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Sarah Zaranek, MathWorks
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Create and manipulate MATLAB^{®} arrays, including accessing elements using indexing.

MATLAB lab stores all types of data in arrays. This includes not only numeric data, but data of other types such as strings or even complex objects. So working with arrays is fundamental to working with MATLAB. With the MATLAB language, you can create arrays, access and assign values to array elements using a number of indexing methods, and perform many other operations to manipulate the array's contents.

Let's first look at creating arrays. You can create an array by specifying specific values using square brackets and commas or spaces to separate columns in a row such as A equals 1, 2, 3, 4 and semicolons to separate rows. You can create equally spaced one dimensional arrays with a column operator such as A equals 1 to 10, A equals 1 to 10 in steps of 2, or A equals 10 to 1 in steps of negative 2.

The linspace space function is similar to the colon operator, letting you specify a start and end value but gives control over the number of points such as 7. You can change the rows to columns with the transpose operator. You can also call a number of functions that generate elementary matrices with different contents such as ones, zeros, or random numbers. It can be more convenient to inspect the contents of an array by opening it into the variable editor.

Let's now look at how you can access and change the values of array elements with different forms of indexing. You can specify elements of an array by simple row and column indexing. Here is the element of A in the first row second column.

You can specify a range of rows and columns to access sections of an array such as row 1, columns 1 through 2. The elements do not have to be contiguous, such as row 1, columns 1 and 3. You can specify all rows or columns by using the colon operator, in this case specifying all columns. You can also use the end keyword such as row 1, columns 2 to the end or 2 the end minus 1.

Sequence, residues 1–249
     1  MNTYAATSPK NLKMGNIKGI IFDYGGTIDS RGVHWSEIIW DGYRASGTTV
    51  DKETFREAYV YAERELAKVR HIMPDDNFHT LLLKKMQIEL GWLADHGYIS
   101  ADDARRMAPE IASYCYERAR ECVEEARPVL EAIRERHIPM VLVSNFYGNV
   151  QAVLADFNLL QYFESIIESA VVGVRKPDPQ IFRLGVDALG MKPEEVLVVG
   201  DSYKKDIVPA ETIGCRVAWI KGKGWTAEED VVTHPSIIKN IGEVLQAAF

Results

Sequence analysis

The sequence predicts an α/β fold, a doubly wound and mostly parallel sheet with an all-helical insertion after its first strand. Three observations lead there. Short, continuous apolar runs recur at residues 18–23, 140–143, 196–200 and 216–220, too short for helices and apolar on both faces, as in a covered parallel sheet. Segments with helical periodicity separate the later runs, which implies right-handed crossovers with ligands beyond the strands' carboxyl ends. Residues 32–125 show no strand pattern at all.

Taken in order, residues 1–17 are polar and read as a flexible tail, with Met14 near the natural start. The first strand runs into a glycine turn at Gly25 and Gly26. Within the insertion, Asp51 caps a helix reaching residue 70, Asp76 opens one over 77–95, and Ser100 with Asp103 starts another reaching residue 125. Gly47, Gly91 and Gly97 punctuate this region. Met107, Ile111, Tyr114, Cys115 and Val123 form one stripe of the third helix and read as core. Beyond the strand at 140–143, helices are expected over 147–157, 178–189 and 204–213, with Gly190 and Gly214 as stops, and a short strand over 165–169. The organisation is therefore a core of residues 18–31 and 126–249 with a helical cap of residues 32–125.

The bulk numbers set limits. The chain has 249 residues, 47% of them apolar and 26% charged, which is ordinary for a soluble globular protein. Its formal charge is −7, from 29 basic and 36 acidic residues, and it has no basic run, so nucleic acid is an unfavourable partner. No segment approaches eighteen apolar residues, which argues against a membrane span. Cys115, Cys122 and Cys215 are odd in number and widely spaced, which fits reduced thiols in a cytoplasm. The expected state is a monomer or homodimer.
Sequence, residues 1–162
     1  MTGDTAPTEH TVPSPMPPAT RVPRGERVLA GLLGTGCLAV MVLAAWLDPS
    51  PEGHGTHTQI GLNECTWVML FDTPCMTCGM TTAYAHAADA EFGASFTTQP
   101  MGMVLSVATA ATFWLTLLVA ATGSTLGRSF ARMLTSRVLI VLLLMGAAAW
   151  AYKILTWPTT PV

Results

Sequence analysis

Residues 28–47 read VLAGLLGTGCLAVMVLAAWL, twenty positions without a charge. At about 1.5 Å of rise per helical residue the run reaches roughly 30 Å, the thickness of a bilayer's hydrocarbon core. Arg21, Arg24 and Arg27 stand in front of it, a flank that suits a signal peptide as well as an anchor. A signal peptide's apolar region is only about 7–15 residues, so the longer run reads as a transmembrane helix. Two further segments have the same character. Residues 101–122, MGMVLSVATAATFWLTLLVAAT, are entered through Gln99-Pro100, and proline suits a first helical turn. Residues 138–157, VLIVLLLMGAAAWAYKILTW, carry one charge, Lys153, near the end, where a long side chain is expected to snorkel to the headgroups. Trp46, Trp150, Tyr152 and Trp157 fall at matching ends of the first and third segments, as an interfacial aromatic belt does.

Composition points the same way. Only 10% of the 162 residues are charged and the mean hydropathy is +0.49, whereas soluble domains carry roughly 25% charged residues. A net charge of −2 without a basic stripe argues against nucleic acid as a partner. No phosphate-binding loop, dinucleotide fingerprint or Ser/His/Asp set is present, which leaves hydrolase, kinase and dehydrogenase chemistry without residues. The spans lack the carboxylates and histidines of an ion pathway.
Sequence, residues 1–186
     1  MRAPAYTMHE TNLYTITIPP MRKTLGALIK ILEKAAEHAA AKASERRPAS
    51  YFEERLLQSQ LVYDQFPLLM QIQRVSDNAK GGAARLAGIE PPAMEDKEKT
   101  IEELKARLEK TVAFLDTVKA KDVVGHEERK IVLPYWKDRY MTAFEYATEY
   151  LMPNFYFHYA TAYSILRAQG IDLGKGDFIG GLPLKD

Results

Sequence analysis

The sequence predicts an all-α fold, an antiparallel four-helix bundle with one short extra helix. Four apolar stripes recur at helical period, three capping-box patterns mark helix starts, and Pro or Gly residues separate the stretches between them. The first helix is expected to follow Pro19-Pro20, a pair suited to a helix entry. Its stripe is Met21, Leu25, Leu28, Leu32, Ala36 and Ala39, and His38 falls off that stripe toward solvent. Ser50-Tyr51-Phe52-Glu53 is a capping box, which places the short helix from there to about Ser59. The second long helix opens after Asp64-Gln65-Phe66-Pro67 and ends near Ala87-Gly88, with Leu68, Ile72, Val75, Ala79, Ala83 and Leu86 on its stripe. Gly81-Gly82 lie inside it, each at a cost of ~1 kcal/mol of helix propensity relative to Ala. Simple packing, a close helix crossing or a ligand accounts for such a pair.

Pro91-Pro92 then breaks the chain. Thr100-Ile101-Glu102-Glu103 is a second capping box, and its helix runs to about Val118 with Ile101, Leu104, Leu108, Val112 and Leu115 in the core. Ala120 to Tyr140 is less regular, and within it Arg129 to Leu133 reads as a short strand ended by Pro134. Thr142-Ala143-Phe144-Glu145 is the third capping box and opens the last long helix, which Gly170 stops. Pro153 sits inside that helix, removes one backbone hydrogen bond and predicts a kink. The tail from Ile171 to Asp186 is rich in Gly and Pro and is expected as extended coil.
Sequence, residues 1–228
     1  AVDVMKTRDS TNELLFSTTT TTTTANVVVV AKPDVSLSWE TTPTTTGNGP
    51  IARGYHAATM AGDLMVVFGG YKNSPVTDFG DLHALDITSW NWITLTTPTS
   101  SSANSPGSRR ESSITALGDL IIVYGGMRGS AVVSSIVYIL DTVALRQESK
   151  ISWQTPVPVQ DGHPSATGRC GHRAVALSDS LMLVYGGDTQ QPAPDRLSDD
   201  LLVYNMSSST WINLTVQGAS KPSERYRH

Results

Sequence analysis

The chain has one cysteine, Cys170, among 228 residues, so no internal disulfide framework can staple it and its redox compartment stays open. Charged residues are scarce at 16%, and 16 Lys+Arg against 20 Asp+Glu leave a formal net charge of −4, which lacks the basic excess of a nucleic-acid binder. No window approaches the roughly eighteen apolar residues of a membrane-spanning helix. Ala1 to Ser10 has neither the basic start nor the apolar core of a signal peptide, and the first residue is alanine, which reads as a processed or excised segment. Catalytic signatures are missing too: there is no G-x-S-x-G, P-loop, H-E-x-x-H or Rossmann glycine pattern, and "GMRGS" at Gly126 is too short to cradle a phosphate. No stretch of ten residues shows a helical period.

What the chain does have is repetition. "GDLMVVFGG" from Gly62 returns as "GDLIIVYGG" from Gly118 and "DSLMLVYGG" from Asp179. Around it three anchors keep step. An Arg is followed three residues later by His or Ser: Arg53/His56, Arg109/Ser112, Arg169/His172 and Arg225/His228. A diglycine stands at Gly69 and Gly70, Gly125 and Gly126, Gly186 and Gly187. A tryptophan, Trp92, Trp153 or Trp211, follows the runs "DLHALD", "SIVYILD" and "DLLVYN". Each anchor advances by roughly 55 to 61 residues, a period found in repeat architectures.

You can assign values to specific elements by specifying indexing on the left hand side of the equation such as rows 1, columns 2 to the end minus 1 equals 10 10. You can delete one or more rows of an array such as rows 1 to 2, all the columns, by assigning them to the empty matrix denoted by square brackets. A is now two rows shorter.

Sometimes it is convenient to treat two dimensional arrays such as these as a one dimensional array as though all the columns were stacked together into a single column and specify single index. This is called linear indexing. For example, the element at row 1 column 2 can be accessed through one linear index, 5.

This is possible because MATLAB arrays are stored column wise in memory. In other words, each column in the array is stored one after another. So the element at row 1 column 2 is, in fact, the fifth element stored. The colon operator used on its own specifies all elements when using linear indexing, and it returns a single column vector with the entire array contents.

You can also access elements with what is known as logical indexing where you specify an indexing array of equal size filled with true or false values, like a mask. This is useful for operating on elements whose values match some criterion such as A is less than 0.5, which creates an array of logical values the same size as A with true values displayed here as 1 whenever A is less than 0.5. Note logical values like true and false are displayed as 1 and 0s respectively.

We can use logical arrays such as this to perform logical indexing such as set the elements of A where A is less than 0.5 to negative 1. To find the indices of array elements that match your criteria, use the Find function, which finds non-zero values together with a logical expression. This gives the linear indices of the elements that meet the condition A is less than 0.5. You can get the rows and column indices instead. You can see information about all indexing techniques in the documentation.

And finally, let's look at how you can extract some useful information about an array and perform some basic operations. You can get basic information on an array such as determine if it's empty, get the length-- usually used for [INAUDIBLE] arrays-- size of all the dimensions, or the total number of elements. As we saw before, creating arrays with square brackets lets us concatenate a number of arrays together horizontally or vertically. Other useful array manipulation functions include flip left-right and flip up-down, repmat to replicate matrices, reshape, and sort.

Although the examples shown here use one and two dimensional arrays, most of these techniques can be applied to multi-dimensional arrays, as well. See the documentation for more information. This concludes the demonstration. Try these features in MATLAB now or watch one of the other videos.